US bishops praise pope’s ‘clarion call’ for nuclear disarmament

Washington D.C., Feb 14, 2020 / 05:00 pm (CNA).- The bishops of the United States released a statement on Friday calling for the United States and other nuclear powers to dismantle their arsenals and praising Pope Francis for drawing the world’s attention to nuclear weapons.

“The Committee on International Justice and Peace is grateful to the Holy Father for this renewed effort to bring about a world of peace and justice that is not based upon fear or the threat of nuclear annihilation but justice and human solidarity,” said the statement released Feb. 14.

The statement was co-signed by the eight bishops who comprise the committee, as well as the two bishop consultants to the committee. The chairman of the committee is Bishop David J. Malloy of Rockford.

The bishops referenced Pope Francis’ November visit to Hiroshima and Nagasaki while he was in Japan. Both cities were attacked with atomic bombs at the end of World War II. The bishops said the pontiff “spoke forcefully” on the issue.

“Speaking at Nagasaki, he emphasized the need for a wide and deep solidarity to bring about security in a world not reliant on atomic weapons,” said the bishops.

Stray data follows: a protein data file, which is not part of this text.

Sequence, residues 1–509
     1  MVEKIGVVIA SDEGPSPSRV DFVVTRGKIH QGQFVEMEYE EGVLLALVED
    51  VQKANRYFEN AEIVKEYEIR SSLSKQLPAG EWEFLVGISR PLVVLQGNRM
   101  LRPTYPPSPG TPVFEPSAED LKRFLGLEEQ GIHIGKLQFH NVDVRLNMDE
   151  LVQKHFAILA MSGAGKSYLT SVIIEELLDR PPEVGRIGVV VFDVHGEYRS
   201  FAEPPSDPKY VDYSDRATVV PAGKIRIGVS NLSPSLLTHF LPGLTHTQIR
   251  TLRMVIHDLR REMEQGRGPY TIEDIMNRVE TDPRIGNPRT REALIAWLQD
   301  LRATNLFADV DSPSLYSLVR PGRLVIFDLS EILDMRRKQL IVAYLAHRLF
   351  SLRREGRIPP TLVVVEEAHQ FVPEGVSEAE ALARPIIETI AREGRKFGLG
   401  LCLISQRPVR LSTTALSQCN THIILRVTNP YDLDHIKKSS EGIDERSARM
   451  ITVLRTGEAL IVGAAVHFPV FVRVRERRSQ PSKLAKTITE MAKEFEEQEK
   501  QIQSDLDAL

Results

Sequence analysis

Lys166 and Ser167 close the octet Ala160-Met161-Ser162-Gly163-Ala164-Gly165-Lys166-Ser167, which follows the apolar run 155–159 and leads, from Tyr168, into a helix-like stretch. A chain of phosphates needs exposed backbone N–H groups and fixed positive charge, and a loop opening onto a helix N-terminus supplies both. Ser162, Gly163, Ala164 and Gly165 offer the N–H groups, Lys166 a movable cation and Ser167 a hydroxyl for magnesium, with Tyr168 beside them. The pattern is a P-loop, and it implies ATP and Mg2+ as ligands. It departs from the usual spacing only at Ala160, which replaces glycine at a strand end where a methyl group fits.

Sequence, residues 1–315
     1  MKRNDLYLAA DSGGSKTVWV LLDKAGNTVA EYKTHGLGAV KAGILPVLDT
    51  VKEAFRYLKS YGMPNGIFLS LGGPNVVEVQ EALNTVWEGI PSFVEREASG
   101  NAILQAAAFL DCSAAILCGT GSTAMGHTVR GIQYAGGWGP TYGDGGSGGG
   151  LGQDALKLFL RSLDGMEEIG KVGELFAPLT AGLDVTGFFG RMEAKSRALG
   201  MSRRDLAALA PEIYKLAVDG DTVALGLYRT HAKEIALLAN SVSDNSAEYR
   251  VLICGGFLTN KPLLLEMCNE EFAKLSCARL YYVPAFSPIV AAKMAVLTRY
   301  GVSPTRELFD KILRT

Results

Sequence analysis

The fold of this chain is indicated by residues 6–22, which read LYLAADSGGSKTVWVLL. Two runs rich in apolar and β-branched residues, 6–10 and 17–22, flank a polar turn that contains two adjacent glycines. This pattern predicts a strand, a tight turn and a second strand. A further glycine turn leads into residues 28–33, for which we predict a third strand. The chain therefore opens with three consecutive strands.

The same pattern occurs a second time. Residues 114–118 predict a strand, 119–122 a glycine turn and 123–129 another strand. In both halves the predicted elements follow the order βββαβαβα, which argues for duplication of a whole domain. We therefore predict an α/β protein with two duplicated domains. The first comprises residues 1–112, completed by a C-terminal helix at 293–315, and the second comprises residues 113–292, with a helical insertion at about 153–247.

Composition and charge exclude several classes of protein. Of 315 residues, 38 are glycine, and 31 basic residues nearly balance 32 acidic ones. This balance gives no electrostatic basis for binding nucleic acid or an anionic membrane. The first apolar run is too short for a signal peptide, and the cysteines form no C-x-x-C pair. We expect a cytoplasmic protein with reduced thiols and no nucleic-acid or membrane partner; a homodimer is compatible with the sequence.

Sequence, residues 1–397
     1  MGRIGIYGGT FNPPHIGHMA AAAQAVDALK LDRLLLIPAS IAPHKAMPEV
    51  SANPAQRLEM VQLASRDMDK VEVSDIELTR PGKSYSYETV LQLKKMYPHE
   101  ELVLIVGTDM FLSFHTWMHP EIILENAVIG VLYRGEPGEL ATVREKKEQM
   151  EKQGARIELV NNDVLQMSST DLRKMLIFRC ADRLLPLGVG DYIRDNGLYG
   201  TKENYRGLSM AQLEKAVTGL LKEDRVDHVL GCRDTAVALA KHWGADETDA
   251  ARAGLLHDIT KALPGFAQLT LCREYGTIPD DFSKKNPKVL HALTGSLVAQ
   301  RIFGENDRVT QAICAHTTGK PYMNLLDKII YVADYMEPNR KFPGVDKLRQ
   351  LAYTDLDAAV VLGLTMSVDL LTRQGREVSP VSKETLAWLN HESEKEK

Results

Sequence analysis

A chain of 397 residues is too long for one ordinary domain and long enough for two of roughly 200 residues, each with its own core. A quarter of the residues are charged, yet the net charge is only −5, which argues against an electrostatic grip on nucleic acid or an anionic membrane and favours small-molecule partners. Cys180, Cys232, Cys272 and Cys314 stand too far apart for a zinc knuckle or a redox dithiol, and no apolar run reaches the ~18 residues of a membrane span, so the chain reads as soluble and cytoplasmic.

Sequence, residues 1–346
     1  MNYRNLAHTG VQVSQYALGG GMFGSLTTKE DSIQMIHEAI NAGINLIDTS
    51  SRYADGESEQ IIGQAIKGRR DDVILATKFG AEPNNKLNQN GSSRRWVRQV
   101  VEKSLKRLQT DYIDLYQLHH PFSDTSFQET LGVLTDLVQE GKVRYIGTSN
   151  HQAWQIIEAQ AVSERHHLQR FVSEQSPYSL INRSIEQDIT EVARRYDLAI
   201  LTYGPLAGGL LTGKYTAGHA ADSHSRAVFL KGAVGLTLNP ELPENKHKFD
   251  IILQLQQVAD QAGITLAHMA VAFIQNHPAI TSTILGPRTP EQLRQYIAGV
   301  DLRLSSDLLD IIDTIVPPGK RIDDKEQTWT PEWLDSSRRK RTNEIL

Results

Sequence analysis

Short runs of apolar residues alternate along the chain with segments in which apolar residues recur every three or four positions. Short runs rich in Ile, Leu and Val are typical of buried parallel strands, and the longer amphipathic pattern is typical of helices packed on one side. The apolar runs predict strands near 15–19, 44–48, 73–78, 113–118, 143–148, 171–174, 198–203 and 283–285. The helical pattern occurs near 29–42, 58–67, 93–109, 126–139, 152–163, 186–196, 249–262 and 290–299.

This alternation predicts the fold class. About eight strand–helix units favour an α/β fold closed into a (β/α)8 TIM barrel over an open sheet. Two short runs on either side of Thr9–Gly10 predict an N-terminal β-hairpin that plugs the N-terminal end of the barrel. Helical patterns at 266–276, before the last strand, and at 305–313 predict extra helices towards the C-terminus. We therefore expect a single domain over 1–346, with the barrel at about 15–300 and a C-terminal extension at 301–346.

They quoted the pope calling on “individuals, religious communities and civil society, countries that possess nuclear weapons and those that do not, the military and private sectors, and international organizations” to work together to rid the world of nuclear weapons.

In Hiroshima, the bishops recalled, Pope Francis stated that the use of nuclear weapons is always immoral, as is their possession.

“The words of Pope Francis serve as a clarion call and a profound reminder to all that the status quo of international relations, resting on the threat of mutual destruction, must be changed,” they said.

The bishops noted that the continued existence of nuclear weapons “weighs on the consciences of all to find a means for complete and mutual disarmament based in a shared commitment and trust that needs to be fostered and deepened.”